The Government must crack down on untaxed foreign cars on British roads, the RAC has said.
Around 60,000 non-UK vehicles are registered with the Driver and Vehicle Licensing Agency (DVLA) every year but an estimated 15,000 are not registered, the RAC said.
It means that around £3 million in vehicle excise duty (VED) is not being collected each year, the RAC added.
The RAC said that under current regulations visiting non-UK cars must be registered with the DVLA once they have been in the UK for six months when they must pay a £55 first registration fee, ensure they have paid VED, obtain an MOT if the vehicle is over three years old and in some instances pay VAT.
The RAC added: “However, despite the fact the UK Border Force gathers details of every non-UK vehicle entering and leaving the country this information is not currently used by the DVLA for licensing purposes, which means the Government is missing out on valuable tax revenue.
“And, as the DVLA has no idea whether non-UK-registered vehicles have stayed in the country longer than six months, many over three years may well not have a valid MOT and therefore will be contravening insurance rules, thereby compromising the safety of all road users.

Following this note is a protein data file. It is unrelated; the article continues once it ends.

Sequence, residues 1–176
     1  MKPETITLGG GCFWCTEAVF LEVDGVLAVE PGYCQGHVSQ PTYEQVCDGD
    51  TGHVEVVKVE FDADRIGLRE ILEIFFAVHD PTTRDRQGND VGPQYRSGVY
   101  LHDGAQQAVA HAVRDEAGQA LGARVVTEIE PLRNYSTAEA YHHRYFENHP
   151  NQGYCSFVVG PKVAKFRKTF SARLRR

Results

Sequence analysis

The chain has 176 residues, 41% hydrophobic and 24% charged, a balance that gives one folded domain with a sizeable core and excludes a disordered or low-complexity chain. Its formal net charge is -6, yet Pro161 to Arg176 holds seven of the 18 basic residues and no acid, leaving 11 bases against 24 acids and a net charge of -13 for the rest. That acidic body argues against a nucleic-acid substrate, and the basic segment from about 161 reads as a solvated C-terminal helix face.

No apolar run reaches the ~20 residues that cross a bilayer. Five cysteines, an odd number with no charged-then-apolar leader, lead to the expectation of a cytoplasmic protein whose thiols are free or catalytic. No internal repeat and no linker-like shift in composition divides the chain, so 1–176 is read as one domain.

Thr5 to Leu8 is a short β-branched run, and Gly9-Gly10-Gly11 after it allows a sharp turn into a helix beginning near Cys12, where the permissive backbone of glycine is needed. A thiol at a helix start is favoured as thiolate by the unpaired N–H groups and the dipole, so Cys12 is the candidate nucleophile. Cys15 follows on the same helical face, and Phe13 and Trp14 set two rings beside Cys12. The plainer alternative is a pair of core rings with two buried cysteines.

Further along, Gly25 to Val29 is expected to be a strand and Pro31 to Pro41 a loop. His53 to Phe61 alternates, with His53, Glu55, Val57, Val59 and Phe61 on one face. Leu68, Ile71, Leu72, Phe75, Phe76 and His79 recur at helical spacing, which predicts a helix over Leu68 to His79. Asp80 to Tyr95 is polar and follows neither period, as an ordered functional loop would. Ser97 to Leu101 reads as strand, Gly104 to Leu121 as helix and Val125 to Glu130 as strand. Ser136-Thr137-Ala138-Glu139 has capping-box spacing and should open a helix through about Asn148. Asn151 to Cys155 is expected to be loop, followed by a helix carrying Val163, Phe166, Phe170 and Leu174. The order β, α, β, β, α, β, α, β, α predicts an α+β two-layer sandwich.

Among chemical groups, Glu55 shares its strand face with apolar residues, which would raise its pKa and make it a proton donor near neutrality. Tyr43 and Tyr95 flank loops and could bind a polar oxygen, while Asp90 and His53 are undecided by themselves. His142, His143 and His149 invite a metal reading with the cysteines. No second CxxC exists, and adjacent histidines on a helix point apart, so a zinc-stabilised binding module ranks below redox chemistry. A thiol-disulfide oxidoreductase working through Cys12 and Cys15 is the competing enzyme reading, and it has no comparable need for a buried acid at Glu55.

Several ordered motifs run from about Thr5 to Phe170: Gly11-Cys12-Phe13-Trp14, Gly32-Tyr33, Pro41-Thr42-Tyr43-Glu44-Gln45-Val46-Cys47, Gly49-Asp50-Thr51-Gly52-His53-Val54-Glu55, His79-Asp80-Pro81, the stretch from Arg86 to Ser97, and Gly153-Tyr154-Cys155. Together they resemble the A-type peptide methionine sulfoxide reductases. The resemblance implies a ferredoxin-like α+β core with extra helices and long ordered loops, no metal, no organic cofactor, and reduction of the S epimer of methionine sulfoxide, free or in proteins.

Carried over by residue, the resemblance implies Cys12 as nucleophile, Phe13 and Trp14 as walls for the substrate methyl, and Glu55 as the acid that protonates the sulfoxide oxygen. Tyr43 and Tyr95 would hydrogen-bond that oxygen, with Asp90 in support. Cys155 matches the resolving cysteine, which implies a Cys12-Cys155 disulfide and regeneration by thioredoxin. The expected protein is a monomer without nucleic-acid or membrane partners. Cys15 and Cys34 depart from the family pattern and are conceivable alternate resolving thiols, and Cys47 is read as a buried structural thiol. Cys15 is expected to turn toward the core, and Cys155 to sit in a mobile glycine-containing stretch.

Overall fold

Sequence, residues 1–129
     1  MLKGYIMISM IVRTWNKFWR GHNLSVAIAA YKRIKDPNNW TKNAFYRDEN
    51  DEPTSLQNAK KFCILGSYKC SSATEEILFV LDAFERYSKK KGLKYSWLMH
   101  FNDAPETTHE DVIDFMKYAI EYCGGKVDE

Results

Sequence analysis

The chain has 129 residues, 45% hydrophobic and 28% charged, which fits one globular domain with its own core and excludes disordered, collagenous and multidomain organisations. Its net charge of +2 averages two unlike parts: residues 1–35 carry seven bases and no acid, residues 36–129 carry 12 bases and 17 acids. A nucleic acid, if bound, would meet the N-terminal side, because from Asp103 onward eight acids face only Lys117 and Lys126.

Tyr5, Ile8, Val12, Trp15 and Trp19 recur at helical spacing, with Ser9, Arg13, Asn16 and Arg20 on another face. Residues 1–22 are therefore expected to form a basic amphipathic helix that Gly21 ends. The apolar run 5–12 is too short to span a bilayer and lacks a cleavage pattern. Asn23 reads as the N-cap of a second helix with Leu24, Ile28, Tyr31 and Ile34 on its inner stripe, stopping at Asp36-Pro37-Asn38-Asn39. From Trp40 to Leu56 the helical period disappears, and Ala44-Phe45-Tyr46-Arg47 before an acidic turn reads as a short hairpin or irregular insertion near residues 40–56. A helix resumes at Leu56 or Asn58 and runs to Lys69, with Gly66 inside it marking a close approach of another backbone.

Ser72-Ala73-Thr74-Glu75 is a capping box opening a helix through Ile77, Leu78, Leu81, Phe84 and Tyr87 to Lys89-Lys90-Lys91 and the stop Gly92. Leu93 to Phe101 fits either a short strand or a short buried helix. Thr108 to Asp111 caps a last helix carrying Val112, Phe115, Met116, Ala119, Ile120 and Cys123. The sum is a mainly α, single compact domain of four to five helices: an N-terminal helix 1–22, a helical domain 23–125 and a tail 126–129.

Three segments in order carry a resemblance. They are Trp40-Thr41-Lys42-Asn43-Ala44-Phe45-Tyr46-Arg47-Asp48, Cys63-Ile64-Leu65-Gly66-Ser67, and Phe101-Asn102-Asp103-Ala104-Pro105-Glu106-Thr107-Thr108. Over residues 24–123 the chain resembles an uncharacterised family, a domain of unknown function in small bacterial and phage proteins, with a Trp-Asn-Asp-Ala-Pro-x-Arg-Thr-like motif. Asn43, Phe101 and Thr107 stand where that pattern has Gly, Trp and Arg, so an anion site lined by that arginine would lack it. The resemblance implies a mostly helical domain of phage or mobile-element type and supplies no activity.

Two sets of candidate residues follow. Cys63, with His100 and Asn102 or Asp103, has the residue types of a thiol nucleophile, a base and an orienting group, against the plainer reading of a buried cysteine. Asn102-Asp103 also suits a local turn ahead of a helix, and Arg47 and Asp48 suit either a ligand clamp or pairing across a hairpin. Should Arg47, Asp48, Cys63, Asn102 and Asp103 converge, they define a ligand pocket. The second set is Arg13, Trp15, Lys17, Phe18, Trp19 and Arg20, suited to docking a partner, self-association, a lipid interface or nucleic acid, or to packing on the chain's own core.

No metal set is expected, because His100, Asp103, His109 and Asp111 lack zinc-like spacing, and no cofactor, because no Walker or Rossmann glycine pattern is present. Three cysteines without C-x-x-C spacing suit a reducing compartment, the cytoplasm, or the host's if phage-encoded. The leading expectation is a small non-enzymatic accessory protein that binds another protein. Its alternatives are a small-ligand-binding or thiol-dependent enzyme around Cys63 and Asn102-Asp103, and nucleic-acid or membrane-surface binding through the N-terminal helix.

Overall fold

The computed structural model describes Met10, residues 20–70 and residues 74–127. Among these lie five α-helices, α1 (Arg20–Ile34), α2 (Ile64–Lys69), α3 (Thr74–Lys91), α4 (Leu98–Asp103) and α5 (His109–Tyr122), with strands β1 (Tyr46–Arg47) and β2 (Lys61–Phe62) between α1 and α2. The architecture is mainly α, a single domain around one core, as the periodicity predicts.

“The lack of a record also means that EU-registered and other foreign vehicles are more likely to evade fines generated by the UK’s army of speed cameras – a further source of revenue that could be ploughed back into the country’s roads.”
RAC head of external affairs Pete Williams said: “Given the prevalence of technology such as automatic number plate recognition, it is beyond belief that in the 21st century two important Government agencies – namely the UK Border Force and DVLA – are not already sharing information in a system that allows us to keep track of the comings and goings of non-UK vehicles.
“We understand that DVLA, the UK Border Force and the police are looking at how data can be used to identify foreign-registered vehicles that have been in the UK for longer than six months, so we urge the Government to make finding an effective solution a high priority.”
A Department for Transport spokesman said: “We are aware of the issue of foreign vehicles failing to register with the DVLA if they have been in the UK for longer than six months.
“Discussions are currently ongoing across government to identify ways of improving the flow of information between agencies in order to tackle this problem and we hope to announce firm plans shortly.”